Hayek was writing from the perspective of a central European who had recently witnessed first-hand the unfolding development of National Socialism (Nazism) in Germany, and he is warning that the exact same attitudes and policies that had been followed in Germany were uncritically being followed by the Allies, merely at a few years distance.

He begins by recollecting the ideals of old, classic liberalism, “the forgotten road”. Of course, in Hayek’s context, “liberal” means the true, historic liberalism of limited government, free markets, and private property, not “liberal” in the leftist view to mean unlimited government, socialized markets and massive forced wealth redistribution.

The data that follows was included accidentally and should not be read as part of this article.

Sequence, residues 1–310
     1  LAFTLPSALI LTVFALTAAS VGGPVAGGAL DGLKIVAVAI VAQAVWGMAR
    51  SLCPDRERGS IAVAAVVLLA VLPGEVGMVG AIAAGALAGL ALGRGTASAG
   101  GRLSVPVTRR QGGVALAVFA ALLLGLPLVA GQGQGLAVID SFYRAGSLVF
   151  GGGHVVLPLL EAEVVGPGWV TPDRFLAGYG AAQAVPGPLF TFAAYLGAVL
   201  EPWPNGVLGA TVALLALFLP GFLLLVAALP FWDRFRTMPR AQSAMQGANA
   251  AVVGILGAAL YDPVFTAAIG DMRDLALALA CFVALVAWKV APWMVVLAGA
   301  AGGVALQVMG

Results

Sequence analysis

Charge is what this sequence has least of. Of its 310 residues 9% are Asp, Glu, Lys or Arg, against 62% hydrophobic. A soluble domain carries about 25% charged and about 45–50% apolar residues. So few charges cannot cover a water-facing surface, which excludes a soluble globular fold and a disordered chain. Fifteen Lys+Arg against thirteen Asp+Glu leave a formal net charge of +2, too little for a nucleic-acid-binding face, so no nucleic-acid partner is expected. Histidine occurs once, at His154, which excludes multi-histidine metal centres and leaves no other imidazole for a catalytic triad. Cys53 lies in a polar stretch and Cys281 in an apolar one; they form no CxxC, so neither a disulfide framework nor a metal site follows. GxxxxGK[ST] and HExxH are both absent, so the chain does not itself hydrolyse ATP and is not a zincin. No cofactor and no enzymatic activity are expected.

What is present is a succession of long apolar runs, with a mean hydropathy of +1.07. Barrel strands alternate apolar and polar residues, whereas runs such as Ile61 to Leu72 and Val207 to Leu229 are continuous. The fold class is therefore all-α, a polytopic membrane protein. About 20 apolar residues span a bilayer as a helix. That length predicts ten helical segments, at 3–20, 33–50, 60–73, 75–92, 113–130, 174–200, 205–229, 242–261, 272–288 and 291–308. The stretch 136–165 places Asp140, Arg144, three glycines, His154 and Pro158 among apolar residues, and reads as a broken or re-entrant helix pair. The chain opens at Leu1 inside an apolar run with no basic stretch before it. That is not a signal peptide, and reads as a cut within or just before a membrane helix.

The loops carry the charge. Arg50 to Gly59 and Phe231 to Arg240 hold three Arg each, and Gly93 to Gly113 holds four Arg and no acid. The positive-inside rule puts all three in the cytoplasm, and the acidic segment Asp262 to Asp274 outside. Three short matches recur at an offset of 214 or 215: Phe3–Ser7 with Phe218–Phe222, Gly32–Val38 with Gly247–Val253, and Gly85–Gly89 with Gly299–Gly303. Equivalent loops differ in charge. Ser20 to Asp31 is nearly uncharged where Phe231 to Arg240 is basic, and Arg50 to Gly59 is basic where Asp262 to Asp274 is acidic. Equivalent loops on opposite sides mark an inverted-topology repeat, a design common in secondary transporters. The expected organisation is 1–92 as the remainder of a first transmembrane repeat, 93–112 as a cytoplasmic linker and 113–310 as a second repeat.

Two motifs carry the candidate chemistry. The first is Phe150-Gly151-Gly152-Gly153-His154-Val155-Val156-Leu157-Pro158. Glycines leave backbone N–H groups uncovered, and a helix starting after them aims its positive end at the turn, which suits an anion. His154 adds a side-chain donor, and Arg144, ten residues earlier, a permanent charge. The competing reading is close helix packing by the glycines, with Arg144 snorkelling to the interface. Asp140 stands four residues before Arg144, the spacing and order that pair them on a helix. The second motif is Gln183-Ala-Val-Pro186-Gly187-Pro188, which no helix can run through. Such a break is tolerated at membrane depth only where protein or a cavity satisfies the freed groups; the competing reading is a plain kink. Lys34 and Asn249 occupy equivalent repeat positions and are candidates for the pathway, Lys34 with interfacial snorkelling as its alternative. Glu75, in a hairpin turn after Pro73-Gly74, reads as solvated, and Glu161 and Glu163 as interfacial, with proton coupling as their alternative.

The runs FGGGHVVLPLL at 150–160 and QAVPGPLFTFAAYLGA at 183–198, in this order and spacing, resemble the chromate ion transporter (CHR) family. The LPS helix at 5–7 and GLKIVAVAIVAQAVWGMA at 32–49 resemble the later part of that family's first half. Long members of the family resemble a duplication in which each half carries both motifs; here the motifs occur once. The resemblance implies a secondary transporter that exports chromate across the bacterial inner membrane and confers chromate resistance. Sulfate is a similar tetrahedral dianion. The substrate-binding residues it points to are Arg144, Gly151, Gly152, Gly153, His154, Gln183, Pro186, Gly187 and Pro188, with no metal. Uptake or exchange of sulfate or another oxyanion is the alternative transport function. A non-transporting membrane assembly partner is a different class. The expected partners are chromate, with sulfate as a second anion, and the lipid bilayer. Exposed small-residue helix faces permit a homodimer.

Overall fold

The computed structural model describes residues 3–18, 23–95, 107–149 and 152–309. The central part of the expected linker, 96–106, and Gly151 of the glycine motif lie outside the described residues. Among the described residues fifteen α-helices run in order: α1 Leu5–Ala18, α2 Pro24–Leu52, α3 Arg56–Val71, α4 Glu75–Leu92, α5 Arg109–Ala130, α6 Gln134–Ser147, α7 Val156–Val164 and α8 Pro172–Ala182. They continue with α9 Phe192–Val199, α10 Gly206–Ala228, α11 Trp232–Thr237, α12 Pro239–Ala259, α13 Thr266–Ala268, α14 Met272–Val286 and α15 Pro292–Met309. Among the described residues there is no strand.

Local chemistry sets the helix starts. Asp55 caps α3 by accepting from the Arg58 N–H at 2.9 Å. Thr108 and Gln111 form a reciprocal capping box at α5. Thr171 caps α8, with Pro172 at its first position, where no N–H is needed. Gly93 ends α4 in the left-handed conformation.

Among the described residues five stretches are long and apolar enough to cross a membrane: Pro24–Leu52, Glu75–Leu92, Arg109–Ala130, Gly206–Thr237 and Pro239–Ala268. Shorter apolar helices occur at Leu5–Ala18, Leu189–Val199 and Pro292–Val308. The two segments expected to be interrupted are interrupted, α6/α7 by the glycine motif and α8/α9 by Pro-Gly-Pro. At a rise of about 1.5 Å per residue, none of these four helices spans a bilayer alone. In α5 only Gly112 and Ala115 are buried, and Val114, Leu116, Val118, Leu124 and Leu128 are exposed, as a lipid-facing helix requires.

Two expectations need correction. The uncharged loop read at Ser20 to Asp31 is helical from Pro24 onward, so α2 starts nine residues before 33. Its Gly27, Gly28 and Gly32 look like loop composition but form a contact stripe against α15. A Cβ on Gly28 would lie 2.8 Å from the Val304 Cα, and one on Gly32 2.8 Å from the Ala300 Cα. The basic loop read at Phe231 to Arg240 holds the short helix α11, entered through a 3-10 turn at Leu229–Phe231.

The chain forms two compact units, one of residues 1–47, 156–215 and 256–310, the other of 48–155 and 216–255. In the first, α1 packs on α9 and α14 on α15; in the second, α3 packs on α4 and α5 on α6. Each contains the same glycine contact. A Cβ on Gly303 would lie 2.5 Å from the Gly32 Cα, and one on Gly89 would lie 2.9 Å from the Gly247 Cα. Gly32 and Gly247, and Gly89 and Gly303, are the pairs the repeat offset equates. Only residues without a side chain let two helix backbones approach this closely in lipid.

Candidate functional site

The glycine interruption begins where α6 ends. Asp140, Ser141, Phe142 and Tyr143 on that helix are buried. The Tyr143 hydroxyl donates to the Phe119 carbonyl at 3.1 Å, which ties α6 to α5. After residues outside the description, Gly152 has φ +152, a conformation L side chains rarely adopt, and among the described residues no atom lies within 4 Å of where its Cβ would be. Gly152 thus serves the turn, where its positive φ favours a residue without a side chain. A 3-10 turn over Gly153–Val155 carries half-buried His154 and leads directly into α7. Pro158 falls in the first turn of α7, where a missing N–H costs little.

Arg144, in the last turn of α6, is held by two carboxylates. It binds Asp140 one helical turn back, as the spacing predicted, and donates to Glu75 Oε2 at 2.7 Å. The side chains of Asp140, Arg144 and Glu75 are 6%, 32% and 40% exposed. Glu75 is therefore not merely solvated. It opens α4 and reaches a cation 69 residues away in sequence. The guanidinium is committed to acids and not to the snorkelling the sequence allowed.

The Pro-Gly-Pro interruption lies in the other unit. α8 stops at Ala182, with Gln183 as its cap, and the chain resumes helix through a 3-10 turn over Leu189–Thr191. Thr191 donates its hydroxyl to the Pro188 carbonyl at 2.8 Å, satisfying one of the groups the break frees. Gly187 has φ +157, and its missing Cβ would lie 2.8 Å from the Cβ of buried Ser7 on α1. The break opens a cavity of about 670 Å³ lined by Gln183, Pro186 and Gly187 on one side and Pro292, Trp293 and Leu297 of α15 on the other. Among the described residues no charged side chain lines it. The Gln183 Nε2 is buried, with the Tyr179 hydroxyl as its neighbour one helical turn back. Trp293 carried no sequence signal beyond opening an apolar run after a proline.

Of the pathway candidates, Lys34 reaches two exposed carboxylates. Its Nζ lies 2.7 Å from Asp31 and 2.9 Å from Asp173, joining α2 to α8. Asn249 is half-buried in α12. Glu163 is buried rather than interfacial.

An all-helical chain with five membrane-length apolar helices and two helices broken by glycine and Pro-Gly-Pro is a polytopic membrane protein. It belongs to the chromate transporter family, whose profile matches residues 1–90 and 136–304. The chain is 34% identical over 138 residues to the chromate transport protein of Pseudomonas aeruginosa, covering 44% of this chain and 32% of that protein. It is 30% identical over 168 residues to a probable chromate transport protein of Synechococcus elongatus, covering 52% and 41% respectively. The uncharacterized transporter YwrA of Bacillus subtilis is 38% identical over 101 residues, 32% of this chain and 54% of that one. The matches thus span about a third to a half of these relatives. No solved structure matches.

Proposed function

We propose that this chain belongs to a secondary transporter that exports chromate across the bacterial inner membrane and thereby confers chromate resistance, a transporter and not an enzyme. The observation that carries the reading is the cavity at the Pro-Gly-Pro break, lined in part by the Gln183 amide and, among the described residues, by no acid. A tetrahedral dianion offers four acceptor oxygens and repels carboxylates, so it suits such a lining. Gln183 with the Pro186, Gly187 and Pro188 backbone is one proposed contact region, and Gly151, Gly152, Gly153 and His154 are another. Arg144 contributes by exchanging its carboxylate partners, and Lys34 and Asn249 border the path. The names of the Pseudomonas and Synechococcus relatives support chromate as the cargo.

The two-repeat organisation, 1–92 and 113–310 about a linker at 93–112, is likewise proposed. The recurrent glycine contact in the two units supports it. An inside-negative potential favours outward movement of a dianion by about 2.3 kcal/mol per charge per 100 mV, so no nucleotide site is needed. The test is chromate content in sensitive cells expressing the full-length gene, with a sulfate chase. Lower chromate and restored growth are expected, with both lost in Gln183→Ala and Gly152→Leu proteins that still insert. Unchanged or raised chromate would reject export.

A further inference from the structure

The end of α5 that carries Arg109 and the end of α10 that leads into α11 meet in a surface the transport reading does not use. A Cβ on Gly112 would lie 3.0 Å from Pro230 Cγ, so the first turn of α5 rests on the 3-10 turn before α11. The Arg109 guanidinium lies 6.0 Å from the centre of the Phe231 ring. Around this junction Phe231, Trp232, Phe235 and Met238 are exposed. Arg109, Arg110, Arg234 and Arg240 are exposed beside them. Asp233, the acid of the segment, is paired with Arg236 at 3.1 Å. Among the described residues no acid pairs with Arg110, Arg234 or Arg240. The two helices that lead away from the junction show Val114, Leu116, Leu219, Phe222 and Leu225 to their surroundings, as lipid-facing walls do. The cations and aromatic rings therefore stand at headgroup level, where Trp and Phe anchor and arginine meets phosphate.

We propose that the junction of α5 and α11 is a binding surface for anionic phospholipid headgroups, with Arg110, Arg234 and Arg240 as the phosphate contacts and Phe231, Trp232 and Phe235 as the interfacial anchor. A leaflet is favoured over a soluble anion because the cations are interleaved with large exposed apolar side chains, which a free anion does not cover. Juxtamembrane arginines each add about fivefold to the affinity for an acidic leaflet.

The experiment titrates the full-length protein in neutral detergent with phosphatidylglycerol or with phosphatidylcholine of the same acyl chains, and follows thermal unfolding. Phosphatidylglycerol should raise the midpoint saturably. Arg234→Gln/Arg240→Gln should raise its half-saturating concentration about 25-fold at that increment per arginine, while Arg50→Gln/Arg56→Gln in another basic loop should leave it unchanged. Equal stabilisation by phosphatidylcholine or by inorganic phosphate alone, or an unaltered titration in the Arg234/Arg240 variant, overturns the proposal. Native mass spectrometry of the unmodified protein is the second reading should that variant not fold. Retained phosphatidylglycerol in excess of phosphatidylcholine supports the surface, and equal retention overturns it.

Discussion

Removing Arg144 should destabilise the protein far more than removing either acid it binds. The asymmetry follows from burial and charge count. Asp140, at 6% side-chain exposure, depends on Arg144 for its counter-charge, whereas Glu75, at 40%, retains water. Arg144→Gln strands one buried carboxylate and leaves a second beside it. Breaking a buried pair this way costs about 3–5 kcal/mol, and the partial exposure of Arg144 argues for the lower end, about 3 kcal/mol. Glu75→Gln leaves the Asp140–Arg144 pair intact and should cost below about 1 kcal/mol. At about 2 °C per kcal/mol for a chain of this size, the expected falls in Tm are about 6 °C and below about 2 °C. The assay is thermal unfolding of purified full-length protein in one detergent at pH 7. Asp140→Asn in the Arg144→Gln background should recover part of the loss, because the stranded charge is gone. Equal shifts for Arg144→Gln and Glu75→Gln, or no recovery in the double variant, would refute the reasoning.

He looks at the rise of collectivist thinking versus individual, the problems of central planning in a democracy, the downfall of the Rule of Law (wherein the government is no longer bound by fixed rules announced beforehand but instead possesses arbitrary power limited only by its own discretion), the inextricable link between centralized economic planning and totalitarian regimes, the problem of deciding how the society’s production will be distributed, a chapter showing that “nothing is more fatal than the present fashion among intellectual leaders of extolling security at the expense of freedom”, how in a socialized economy the worst individuals inevitably rise to the top, the necessity of manipulating truth in a socialized society, and the fact that Nazism was a direct outgrowth of socialism and socialist ideology.